Understanding Marine Power Systems

by Bill Drake



Power systems on a boat aren't the mystery that many make them out to be. Basic principles of electric theory are the same onshore or afloat, but conductors and their installation are different.

If a boat can accommodate household electrical conveniences, it undoubtedly has 2 entirely separate electrical systems. We at Marinco offer the following overview of the 2 systems.

The direct current (DC) system is powered from a storage battery or batteries. It provides power for the engine, bilge pumps, running lights, water pressure pump and other equipment.

The alternating current (AC) system power comes from a shoreside connection, on-board AC electrical generator or through an inverter. This system powers TVs, microwave ovens, hair dryers and the like but is very different from a household AC system.


Household conductors have solid core wire. The conductors used on a boat must be made of stranded copper wire to absorb the vibration typically found in boats. The conductor's proper size and diameter is determined by the amount of current the conductor must carry. As current increases, so must the size of the wire.

Good household wiring often travels through the house in plastic or metal tubing called conduit. It supports and protect the wires within the walls of a home. On a boat, conductors are supported by a self-draining loom or are secured every 18" by straps or clamps.

In most areas of a boat, non-metallic straps or clamps are ideal for holding conductors firmly in place. Insulated metal clamps are used in machinery spaces, areas which are hightemperature to minimize chafing damage.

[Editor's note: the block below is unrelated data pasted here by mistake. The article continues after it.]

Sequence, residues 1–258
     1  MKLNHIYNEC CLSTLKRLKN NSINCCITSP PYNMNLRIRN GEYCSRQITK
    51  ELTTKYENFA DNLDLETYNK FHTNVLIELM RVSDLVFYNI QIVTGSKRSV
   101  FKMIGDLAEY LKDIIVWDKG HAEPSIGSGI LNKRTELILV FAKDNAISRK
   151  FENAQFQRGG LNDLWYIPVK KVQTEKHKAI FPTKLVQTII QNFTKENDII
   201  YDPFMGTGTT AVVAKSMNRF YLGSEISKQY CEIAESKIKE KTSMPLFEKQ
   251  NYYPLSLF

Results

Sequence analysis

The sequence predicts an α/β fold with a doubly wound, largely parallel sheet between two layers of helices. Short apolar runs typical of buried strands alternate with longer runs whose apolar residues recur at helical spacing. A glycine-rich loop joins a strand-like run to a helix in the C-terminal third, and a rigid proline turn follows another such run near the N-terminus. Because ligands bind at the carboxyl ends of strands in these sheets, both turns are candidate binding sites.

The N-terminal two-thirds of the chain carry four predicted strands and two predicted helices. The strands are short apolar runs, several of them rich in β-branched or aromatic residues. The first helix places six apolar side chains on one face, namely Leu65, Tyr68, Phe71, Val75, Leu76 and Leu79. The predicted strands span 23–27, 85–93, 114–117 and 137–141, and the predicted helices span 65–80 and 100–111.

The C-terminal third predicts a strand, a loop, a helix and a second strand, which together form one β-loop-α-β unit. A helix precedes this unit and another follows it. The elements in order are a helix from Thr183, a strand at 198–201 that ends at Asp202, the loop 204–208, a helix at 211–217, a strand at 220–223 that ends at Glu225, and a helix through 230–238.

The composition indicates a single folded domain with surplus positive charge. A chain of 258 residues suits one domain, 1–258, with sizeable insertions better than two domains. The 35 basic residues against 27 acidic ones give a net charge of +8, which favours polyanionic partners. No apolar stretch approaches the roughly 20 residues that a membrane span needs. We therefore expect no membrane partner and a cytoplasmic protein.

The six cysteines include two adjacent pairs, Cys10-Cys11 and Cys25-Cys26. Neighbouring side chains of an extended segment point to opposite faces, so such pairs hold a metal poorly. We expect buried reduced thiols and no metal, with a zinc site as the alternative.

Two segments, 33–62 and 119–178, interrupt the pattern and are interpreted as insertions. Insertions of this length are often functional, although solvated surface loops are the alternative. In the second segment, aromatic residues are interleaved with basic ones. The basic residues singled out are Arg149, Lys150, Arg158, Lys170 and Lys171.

Another difference between the 2 systems is where wires ar joined together. In a house splicing wire to wire is done by wire nuts. However, wire nuts must never be used on a boat.

Joining conductor to conductor in marine applications is best accomplished through the use of insulated, solderless crimp-on connectors. They assure continuity of current and won't be pulled apart when flexed. The connection may be covered with electrical tape, but electrical tape, by itself, should never be used to join 2 conductors.

Water is also a factor and keeping it out of a boat's system is paramount. Enclosures where connections are made - junction boxes, receptacles, panelboards - should be weatherproof or installed in protected locations. Current-carrying conductors

should be routed away from areas where water may accumulate.Following safety rules and using the finest marine electrical equipment and tools makes marine wiring relatively easy. Marinco, a leading manufacturer of marine electrical products, makes the products boaters need to tackle any marine electrical job. A Marinco dealer can help select parts suited for any boat.

From Marinco, 2655 Napa Valley Corporate Drive, Napa, CA 94558. Phone: 707-226-8600.

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